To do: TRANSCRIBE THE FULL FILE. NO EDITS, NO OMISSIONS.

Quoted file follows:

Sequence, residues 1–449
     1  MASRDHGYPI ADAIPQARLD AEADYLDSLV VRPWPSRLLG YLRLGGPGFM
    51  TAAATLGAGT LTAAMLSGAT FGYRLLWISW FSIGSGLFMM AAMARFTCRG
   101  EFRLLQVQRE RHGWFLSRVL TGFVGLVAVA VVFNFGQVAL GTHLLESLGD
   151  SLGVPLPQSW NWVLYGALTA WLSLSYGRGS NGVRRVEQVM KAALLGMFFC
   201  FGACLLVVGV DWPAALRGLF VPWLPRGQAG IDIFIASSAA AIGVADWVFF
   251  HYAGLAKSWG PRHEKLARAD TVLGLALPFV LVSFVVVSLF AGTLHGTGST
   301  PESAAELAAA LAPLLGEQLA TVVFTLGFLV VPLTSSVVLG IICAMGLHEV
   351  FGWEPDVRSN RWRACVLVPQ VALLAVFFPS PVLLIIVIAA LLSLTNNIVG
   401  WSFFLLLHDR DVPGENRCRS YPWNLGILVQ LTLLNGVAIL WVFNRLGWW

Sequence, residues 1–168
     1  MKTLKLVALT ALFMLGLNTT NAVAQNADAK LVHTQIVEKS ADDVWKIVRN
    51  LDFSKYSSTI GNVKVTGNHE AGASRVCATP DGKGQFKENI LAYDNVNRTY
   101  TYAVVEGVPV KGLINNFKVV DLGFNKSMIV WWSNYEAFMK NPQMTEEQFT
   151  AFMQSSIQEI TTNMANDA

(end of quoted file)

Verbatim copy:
Sequence, residues 1–449
     1  MASRDHGYPI ADAIPQARLD AEADYLDSLV VRPWPSRLLG YLRLGGPGFM
    51  TAAATLGAGT LTAAMLSGAT FGYRLLWISW FSIGSGLFMM AAMARFTCRG
   101  EFRLLQVQRE RHGWFLSRVL TGFVGLVAVA VVFNFGQVAL GTHLLESLGD
   151  SLGVPLPQSW NWVLYGALTA WLSLSYGRGS NGVRRVEQVM KAALLGMFFC
   201  FGACLLVVGV DWPAALRGLF VPWLPRGQAG IDIFIASSAA AIGVADWVFF
   251  HYAGLAKSWG PRHEKLARAD TVLGLALPFV LVSFVVVSLF AGTLHGTGST
   301  PESAAELAAA LAPLLGEQLA TVVFTLGFLV VPLTSSVVLG IICAMGLHEV
   351  FGWEPDVRSN RWRACVLVPQ VALLAVFFPS PVLLIIVIAA LLSLTNNIVG
   401  WSFFLLLHDR DVPGENRCRS YPWNLGILVQ LTLLNGVAIL WVFNRLGWW

Sequence, residues 1–168
     1  MKTLKLVALT ALFMLGLNTT NAVAQNADAK LVHTQIVEKS ADDVWKIVRN
    51  LDFSKYSSTI GNVKVTGNHE AGASRVCATP DGKGQFKENI LAYDNVNRTY
   101  TYAVVEGVPV KGLINNFKVV DLGFNKSMIV WWSNYEAFMK NPQMTEEQFT
   151  AFMQSSIQEI TTNMANDA